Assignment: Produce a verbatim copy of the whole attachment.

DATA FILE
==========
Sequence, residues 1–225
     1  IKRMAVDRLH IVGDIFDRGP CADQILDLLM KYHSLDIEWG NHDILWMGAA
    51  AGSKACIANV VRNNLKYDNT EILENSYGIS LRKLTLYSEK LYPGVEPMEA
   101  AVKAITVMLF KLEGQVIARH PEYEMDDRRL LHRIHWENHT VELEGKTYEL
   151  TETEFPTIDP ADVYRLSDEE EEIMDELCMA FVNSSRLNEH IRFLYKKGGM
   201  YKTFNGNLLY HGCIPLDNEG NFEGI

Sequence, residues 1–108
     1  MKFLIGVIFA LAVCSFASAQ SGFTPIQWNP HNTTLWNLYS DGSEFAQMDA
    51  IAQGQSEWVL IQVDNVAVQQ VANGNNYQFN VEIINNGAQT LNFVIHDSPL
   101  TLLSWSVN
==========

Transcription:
Sequence, residues 1–225
     1  IKRMAVDRLH IVGDIFDRGP CADQILDLLM KYHSLDIEWG NHDILWMGAA
    51  AGSKACIANV VRNNLKYDNT EILENSYGIS LRKLTLYSEK LYPGVEPMEA
   101  AVKAITVMLF KLEGQVIARH PEYEMDDRRL LHRIHWENHT VELEGKTYEL
   151  TETEFPTIDP ADVYRLSDEE EEIMDELCMA FVNSSRLNEH IRFLYKKGGM
   201  YKTFNGNLLY HGCIPLDNEG NFEGI

Sequence, residues 1–108
     1  MKFLIGVIFA LAVCSFASAQ SGFTPIQWNP HNTTLWNLYS DGSEFAQMDA
    51  IAQGQSEWVL IQVDNVAVQQ VANGNNYQFN VEIINNGAQT LNFVIHDSPL
   101  TLLSWSVN